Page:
Students in the Triangle area and beyond are planning on taking advantage of all their schools have to offer on Halloween night.

Here are some of the cooler things happening in our area:

East Carolina University (ECU) is best known this time of year for raging Halloween parties, along with the unfortunate riot that occurred on Oct. 31, 2014 at the local townhome community Riverwalk, located in close proximity to the university. In that incident over 3,000 rioted at the scene and many stood atop of a campus transit bus.

Halie Clegg, a current junior at ECU majoring is planning on going to the popular college burger joint Sup Dog’s “mug night,” where one can bring any size mug to the restaurant and receive unlimited $1 refills on all beer.

“There are bunch of Halloween themed events in downtown. Clubs will play Halloween-themed music and have lots of drink specials,” Clegg said. “Our party school reputation makes us stand out, because us pirates do know how to party and make Halloween more fun. It is easy to get out of hand, though.”

The University of North Carolina at Chapel Hill (UNC) is another place students flock to for Halloween. The university boasts a Halloween parade on the street adjacent to campus where students show off costumes and socialize with peers.

Trisha Bonthu, a sophomore at UNC, is one of many Tar Heels planning on spending Halloween dressing up and taking pictures with friends on Franklin St.

“Franklin St. is the one thing we are known for, we get together and take pictures and it’s one giant party,” Bonthu said. “I want to see if there are any new group costume themes this year. I feel like there will be a lot of Donald Trumps and Hillarys.”

Watch: A scene from Franklin St. in 2011 on Halloween night

Students from other universities in the Triangle may have trouble attending the event, though, as it is noted that Tar Hell Halloween festivities tend to be very exclusive due to overcrowding concerns.

“They try to cut back on people coming from other schools,” Bonthu said. “You have to have approved guests if someone’s staying in your dorm, and there’s no parking. They try to take every precaution they can.”

It is important to note that NC State University (NCSU) does not have the same reputation that ECU or UNC has when it comes to Halloween.

Last year students at NCSU enjoyed both the 2015 Homecoming Parade and the Homecoming football game on Saturday, Oct. 31. 2015. These events offered students a fun, safe way to spend the holiday.

But this year, NCSU students will have to look towards the other alternatives the Triangle offers its residents to celebrate this year’s Halloween, for those who do not wish to just partake in intoxication and regretted decisions.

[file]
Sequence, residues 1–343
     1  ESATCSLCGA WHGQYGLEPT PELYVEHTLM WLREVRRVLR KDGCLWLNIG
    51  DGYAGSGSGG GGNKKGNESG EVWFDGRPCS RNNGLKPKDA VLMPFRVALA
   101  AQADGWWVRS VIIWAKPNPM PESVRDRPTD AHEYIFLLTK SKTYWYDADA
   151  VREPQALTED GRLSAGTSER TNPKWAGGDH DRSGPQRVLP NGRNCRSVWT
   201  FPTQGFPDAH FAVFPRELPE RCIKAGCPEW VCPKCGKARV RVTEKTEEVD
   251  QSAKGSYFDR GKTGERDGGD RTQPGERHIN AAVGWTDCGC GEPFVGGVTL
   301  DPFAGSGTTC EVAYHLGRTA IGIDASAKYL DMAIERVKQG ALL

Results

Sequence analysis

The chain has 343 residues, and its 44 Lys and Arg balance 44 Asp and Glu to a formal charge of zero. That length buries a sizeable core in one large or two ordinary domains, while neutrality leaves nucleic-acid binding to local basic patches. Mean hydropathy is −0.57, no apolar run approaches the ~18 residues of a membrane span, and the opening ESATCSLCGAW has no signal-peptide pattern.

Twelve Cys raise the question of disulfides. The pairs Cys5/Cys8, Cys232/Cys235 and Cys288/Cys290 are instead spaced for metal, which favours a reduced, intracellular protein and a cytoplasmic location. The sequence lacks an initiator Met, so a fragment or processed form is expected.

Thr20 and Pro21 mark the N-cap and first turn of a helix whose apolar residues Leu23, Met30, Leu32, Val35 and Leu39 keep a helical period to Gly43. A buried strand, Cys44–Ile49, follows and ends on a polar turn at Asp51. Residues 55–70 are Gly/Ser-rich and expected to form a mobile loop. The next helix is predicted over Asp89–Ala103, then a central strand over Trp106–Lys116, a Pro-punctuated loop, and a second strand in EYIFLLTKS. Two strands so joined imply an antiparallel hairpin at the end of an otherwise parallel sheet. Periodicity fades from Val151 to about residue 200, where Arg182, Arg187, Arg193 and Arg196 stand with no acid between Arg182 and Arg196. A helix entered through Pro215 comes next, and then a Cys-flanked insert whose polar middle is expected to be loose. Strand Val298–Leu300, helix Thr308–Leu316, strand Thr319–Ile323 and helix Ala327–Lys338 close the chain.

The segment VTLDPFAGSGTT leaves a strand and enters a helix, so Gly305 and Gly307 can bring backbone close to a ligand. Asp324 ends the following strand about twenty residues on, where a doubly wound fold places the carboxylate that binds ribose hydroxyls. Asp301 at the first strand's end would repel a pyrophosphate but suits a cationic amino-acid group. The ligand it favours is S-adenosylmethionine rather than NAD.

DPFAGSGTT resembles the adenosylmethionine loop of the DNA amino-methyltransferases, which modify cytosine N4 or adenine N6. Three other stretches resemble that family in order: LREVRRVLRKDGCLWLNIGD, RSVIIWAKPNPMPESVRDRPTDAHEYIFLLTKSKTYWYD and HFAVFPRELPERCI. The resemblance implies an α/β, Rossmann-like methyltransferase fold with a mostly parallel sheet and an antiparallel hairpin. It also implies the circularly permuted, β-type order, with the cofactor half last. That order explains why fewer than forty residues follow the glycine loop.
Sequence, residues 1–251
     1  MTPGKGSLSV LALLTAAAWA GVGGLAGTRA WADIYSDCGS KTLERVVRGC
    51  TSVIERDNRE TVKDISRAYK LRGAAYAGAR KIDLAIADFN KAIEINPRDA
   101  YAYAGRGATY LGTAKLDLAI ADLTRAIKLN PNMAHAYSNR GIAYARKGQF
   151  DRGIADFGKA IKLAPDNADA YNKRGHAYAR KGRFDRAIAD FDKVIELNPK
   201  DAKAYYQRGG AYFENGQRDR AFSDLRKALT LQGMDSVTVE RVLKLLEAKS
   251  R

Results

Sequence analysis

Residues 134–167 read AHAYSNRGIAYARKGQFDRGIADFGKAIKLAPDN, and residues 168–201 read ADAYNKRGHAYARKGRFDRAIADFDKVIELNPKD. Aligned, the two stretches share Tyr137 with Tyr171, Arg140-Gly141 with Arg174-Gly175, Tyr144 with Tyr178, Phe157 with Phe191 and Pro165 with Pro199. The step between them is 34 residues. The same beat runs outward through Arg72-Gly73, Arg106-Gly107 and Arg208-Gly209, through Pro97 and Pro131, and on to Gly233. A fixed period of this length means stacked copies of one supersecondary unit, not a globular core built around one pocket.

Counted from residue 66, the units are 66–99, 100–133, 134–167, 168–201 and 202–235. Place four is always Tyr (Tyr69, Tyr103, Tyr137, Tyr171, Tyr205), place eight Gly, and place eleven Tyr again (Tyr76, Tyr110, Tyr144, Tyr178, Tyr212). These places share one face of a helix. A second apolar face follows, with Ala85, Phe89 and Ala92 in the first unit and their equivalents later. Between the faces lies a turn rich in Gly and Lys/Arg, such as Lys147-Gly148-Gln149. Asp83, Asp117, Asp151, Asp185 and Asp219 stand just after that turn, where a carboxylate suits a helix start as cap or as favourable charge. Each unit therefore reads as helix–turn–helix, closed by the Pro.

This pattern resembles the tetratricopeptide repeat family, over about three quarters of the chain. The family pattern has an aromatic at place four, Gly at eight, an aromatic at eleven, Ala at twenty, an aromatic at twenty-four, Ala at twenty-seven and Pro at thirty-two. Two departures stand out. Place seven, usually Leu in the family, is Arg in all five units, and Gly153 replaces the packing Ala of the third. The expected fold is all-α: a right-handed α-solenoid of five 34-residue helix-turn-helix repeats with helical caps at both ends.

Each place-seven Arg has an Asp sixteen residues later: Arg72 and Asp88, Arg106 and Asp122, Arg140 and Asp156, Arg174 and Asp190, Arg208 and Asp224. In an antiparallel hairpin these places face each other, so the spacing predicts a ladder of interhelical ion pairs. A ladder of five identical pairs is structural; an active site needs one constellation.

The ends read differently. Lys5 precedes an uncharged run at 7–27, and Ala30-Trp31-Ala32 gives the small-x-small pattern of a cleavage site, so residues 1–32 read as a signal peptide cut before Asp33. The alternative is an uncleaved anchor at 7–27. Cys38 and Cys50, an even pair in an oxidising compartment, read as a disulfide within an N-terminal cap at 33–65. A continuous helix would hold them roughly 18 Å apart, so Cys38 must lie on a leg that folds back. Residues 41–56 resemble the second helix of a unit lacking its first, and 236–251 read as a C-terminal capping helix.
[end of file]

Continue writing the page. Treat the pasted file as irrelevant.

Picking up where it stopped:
Durham’s Museum of Life and Sciences boasts a train ride to a local pumpkin patch, along with creative activities and fun for the whole family. Tickets can be purchased on the museum’s website.

The North Carolina State Fair is occurring in Raleigh N.C. from October 13-23, and is another popular event NC State students attend to celebrate the beginning of fall; It also serves as a way to get students excited about Halloween.

Dina Ibrahim, senior at NC State University, is planning on spending this Halloween partying with close friends dressed as Cat woman.

Ibrahim encourages students from surrounding universities to join NC State’s festivities as the wolfpack welcomes all she says.

“Everybody in Raleigh is really inclusive,” Ibrahim said. “If you go in to Raleigh looking for a fun time, there’s nobody that will turn you away. There’s lots of alcohol, and lots of loud music.”

Ibrahim also suggests checking out Hibernian Pub, C. Grace jazz club, and Rum Runners for a good time in Raleigh on Halloween.

Students in the Triangle area and beyond have plenty of options on how to spend the beloved holiday, but most college students are more than happy with spending the night drinking, partying, and showing off their homemade, college-budget friendly Halloween costumes.

Let us know know you will be celebrating in the comments below.

RISE NEWS is a grassroots journalism news organization that is working to change the way young people become informed and engaged in the world. You can write for us.

This College Paper Just Decided To Start Using Gender Neutral Terms

Back in 2010, the University of North Carolina’s student newspaper, The Daily Tar Heel, was approached by roughly 30 students with a petition containing over 430 signatures that demanded that the paper use gender neutral terms-  chairperson instead of chairman, first-year instead of freshman.

This week the paper decided to make the change to gender neutral terms.

“We don’t really believe in leaving things the same way just because it’s the way it’s always been, and now more than ever, we all see a pressing need to be inclusive in the way we write about people.” Paige Ladisic, editor of the paper said in a message explaining the decision.

These changes, like the Associated Press Stylebook, considered by many as the Bible of journalistic standards, seem to reflect society.

For example, Jose Antonio Vargas, an undocumented immigrant, tracked news media’s use of “illegal alien” to convince outlets to use the term “undocumented immigrant” instead.

But was the Daily Tar Heel in the right to make the change?

“Gender neutral titles have slowly been making their way into everyday usage for decades. For instance we don’t call a female flight attendant a ‘stewardess’ anymore,” Jason Parsley, Executive Editor of South Florida Gay News said in an interview. “As for ‘chairperson’ there doesn’t need to be separate terms for men and woman because both positions are equal.  Men and women are equal. Period. And ultimately that’s what this gender neutral movement is all about.”

Marimar Toledo, a 20 year old freelance journalist also supports the use of gender neutral usage, because it was more respectful to people in the LGBT community.

“You’re just never gonna know- and just to be on the safe side, and be on the respectful side, you should use the gender neutral terms, rather than the ones that specify which sex you are.”

While people may be of different opinions, The Daily Tar Heel‘s decision seems here to stay.

Rise News reached out to DTH editor Paige Ladisic and will update this story when she responds. 

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Cover Photo Credit: William Yeung/Flickr (CC By 2.0)